During the years of its active existence, this percussion duo was most surely in the running to become one of the weirdest-sounding ensembles in history. Percussion ensembles already are an acquired taste, as many listeners view drum solos as a form of torture. These listeners -- and indeed even professional drummers -- might not recognize this as a percussion record, so strange are the combined attacks of Lytton and Lovens. Former dentist Lytton uses all manner of amplified percussion devices and objects, and Lovens is an expert drummer in any style, who seems like he could create life in a bell or metal disc simply by touching it a certain way with his drumstick, but then might turn around and perform a dissection on this new life form -- or at least that's what it sounds like is going on. Half the album originated on a cassette recording, so the sound quality is a bit austere. The duo is wise to create long pieces that include many different sections and developments rather than chopping up the material, as some nervous improvisers do when preparing a record release.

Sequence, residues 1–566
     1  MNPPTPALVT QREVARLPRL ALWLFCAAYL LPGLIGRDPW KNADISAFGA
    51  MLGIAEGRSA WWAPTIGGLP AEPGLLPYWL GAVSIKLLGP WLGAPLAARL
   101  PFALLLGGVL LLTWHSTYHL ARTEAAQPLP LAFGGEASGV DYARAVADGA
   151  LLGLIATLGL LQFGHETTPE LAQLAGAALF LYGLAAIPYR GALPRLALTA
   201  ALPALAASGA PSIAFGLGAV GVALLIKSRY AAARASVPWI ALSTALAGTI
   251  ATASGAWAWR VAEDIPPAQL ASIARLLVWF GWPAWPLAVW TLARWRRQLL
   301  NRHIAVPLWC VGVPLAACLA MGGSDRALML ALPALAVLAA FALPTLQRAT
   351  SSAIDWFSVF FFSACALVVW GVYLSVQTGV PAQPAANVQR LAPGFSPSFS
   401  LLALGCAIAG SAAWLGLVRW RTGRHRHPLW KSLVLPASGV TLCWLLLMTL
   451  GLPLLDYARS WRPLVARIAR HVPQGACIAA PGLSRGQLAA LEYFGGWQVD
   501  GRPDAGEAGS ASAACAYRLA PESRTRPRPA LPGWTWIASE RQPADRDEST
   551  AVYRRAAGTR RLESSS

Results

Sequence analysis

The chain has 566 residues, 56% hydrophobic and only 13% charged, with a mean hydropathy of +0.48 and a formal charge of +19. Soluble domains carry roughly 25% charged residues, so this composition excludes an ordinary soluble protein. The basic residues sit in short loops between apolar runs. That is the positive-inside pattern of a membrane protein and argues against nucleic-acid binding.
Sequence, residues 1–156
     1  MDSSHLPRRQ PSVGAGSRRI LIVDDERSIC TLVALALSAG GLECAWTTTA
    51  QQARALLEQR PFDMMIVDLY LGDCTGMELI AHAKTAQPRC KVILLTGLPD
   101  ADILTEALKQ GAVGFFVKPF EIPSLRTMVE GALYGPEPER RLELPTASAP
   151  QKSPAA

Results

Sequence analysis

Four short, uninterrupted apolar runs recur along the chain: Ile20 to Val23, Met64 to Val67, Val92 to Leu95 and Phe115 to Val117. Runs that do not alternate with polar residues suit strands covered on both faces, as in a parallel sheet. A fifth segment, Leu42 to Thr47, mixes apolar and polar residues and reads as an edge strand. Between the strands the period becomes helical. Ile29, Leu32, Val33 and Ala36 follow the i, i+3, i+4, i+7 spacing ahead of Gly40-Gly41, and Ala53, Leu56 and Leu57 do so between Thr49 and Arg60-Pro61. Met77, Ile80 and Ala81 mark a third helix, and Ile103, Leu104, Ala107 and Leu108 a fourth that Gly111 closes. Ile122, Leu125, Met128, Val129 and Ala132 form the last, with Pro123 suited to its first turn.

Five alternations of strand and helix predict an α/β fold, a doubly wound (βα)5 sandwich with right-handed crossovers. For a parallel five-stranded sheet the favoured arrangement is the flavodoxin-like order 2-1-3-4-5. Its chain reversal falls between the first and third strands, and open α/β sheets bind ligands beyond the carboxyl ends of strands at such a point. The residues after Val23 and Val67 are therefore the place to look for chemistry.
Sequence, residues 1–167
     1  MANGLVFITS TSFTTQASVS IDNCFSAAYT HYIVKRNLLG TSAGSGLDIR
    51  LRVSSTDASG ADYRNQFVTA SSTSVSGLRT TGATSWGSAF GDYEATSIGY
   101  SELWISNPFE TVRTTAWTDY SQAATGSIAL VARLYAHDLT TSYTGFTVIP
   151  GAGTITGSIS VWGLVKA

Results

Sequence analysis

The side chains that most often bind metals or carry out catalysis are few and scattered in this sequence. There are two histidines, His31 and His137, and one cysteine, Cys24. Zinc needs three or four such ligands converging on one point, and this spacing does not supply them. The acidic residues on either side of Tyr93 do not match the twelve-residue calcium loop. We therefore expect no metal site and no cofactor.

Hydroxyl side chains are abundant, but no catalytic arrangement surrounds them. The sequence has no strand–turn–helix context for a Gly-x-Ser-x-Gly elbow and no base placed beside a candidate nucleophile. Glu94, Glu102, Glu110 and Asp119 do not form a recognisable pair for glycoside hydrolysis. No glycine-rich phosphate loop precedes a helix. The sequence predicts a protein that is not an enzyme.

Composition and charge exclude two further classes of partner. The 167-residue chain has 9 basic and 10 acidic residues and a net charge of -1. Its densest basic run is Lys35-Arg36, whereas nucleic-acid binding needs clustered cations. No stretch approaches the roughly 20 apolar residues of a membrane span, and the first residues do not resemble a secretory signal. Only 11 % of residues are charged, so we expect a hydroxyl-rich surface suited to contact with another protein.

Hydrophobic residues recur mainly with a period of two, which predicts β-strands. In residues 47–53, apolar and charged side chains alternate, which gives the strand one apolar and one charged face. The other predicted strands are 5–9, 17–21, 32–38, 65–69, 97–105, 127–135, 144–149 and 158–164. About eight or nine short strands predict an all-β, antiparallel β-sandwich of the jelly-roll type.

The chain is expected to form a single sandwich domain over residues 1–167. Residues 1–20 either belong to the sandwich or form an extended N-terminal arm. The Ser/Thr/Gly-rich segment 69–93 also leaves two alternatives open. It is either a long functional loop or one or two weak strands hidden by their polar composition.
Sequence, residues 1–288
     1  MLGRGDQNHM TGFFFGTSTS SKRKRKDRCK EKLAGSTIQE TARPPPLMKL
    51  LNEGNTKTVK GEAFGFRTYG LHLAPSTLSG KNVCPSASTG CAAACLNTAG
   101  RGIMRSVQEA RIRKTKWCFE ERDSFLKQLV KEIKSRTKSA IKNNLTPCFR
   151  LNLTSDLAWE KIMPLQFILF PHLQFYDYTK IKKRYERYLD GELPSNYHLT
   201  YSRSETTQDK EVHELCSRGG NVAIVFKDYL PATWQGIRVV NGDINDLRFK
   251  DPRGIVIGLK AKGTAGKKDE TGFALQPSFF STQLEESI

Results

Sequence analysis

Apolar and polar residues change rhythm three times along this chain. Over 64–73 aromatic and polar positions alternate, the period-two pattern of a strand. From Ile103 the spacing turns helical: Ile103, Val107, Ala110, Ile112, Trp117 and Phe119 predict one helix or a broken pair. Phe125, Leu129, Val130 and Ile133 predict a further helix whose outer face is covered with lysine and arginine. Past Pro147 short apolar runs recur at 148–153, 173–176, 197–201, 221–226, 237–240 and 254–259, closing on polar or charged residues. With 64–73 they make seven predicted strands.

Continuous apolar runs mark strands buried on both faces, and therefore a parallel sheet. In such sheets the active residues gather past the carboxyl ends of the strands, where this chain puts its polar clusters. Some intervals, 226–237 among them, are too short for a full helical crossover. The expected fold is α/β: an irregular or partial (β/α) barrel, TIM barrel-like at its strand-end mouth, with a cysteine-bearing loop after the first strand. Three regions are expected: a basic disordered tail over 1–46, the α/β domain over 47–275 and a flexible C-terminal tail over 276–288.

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AllMusic Review by Eugene Chadbourne
feat: Paul Lytton